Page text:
Sudan leaders to meet over conflict
Khartoum - The presidents of north and south Sudan are to meet in Addis Ababa on Sunday to discuss the crises in the border regions of Abyei and South Kordofan, China's envoy for African affairs said on Saturday.
"There will a meeting tomorrow between President [Omar al-] Bashir and his Vice President Salva Kiir in Addis Ababa to discuss the issues of Abyei and South Kordofan," Liu Guijin said after meeting Bashir in Khartoum on Saturday.
Suna state news agency said the talks would also be attended by Ethiopian Prime Minister Meles Zenawi and former South African president Thabo Mbeki, who heads an AU team trying to resolve outstanding issues between north and south ahead of southern independence on July 9.
Heavy clashes between the Sudanese Armed Forces (SAF) and northern members of the former southern rebel army have raged all week across South Kordofan, the north's only oil producing state, with intense fighting in and around the state capital Kadugli.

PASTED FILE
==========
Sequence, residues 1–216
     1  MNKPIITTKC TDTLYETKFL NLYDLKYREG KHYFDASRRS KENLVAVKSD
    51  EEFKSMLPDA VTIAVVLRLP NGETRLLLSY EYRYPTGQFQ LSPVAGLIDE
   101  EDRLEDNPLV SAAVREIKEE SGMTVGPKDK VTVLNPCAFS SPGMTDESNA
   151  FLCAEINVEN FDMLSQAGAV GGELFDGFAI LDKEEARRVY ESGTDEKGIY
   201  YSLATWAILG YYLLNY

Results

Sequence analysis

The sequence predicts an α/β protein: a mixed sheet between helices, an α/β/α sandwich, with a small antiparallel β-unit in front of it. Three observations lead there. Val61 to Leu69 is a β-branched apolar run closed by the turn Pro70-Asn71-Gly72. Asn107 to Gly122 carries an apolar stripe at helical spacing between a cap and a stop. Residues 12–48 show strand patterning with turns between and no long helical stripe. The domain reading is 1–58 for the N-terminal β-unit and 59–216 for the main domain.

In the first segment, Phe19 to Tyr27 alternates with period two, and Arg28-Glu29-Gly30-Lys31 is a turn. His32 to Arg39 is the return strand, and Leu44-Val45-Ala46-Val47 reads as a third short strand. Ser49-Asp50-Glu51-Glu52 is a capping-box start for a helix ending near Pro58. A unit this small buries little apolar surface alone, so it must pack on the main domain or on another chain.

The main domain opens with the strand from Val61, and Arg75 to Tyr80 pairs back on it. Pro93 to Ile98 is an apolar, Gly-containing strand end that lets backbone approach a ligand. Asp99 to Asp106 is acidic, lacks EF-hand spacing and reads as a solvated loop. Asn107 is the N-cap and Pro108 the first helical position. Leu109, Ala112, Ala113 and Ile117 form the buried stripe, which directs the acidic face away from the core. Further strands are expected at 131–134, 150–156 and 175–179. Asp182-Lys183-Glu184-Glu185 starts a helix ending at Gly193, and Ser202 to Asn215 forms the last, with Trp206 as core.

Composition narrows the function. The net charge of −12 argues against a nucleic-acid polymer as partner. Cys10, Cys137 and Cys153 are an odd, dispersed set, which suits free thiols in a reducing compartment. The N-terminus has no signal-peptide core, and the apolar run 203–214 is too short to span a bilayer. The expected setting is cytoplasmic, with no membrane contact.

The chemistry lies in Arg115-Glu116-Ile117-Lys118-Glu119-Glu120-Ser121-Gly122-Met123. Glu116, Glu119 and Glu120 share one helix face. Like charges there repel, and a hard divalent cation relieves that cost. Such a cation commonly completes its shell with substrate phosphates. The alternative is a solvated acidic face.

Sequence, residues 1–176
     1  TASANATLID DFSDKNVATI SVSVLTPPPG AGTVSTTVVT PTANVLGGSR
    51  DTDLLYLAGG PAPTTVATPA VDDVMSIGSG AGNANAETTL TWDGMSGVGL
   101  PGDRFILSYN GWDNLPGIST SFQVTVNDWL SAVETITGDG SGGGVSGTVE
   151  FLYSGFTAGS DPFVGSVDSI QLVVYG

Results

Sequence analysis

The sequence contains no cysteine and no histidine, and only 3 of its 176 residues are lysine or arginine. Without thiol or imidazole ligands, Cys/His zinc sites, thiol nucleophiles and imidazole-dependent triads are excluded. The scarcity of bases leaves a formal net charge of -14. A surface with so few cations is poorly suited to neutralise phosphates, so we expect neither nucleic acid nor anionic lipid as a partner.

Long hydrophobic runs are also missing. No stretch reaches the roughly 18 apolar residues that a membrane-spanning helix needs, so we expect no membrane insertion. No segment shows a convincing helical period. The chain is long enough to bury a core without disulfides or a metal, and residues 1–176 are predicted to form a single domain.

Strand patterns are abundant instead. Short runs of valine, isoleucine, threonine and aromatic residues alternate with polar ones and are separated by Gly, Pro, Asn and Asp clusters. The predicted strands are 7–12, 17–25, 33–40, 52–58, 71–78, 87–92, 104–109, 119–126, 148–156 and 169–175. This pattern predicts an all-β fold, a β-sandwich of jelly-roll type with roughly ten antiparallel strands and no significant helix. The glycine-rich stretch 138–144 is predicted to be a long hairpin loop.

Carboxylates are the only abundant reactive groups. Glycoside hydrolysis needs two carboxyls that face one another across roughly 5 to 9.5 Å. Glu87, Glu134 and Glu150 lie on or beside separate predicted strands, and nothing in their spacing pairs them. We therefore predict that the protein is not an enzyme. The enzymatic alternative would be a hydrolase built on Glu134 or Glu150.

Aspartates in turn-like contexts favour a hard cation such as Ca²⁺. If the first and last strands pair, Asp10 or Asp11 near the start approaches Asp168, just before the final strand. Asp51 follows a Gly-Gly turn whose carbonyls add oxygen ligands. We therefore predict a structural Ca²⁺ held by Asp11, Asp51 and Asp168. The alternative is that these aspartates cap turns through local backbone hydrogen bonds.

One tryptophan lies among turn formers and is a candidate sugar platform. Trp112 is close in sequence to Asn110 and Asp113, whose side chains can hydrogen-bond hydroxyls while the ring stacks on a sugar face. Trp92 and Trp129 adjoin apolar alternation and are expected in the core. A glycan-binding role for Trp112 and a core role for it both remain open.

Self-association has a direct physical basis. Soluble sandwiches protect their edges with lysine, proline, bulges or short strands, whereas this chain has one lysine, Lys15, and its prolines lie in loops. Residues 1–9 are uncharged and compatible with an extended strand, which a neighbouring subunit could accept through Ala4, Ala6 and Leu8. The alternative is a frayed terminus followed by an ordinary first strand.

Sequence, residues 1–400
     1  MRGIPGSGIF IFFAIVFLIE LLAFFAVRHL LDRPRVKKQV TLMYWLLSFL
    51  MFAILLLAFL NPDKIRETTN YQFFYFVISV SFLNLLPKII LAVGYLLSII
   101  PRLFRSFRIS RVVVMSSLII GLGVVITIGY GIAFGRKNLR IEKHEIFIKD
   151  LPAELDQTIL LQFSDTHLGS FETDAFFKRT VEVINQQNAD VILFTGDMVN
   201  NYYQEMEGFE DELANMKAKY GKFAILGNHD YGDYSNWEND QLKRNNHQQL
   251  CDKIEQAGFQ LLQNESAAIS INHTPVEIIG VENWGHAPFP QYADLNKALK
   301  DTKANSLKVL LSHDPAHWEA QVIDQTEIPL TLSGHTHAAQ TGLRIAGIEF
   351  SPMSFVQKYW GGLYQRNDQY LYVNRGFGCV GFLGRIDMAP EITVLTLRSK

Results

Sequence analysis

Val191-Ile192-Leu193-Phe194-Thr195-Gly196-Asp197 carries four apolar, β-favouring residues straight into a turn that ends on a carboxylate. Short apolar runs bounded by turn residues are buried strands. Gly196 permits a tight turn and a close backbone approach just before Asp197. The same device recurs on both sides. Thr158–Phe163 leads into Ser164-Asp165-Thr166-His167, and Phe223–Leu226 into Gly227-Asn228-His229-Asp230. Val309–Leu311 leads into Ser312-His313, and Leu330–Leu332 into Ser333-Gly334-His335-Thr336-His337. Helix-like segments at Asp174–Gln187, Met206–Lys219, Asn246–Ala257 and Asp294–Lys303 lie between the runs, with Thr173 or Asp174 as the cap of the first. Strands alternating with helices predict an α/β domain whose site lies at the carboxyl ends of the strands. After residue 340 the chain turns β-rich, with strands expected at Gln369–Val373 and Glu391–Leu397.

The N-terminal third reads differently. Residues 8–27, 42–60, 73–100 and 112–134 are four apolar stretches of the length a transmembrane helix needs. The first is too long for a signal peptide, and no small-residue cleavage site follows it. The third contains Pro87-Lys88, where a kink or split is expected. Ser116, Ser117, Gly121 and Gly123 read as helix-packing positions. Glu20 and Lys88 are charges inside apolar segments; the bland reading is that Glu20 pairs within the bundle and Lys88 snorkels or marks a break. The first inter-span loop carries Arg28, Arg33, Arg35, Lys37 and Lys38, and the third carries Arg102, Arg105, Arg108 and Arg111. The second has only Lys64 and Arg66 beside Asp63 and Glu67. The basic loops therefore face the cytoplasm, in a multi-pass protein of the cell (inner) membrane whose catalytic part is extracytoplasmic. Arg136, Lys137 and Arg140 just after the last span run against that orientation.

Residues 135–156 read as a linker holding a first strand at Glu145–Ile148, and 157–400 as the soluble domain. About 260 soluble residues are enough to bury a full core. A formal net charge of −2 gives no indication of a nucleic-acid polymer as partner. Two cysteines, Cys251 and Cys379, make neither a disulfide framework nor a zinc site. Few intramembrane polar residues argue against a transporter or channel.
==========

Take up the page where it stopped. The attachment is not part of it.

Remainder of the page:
This week's violence has poisoned the atmosphere of the north-south negotiations that have been taking place in Ethiopia, according to a source close to the talks.
On Saturday, the information minister for southern Sudan's Unity state, which neighbours South Kordofan, said five civilians were killed in SAF air strikes south of the border two days earlier.
"There was an Antonov aerial bombardment on Thursday morning... in a place called Payam Jau, in Parieng county, on the Unity state side of the border," Gideon Gatpan said by phone.
"Now it is confirmed that five people were killed and 11 wounded. They were aiming at the positions of the JIUs [northern elements of the southern army who have moved south]. Instead they hit these civilians," he said.
Gatpan said the area had not seen Antonov air strikes for six or seven years.
The South Kordofan conflict erupted less than three weeks after northern troops occupied the contested Abyei border region nearby, in response to an attack on a convoy of SAF troops and UN peacekeepers.
The violence comes just a month before south Sudan is due to proclaim formal independence from the north.
UN officials estimate more 100 000 people, mostly ethnically southern Dinka Ngok farmers, fled the northern army's occupation of Abyei in May, while up to 40 000 people have been displaced by the fighting in Kadugli alone.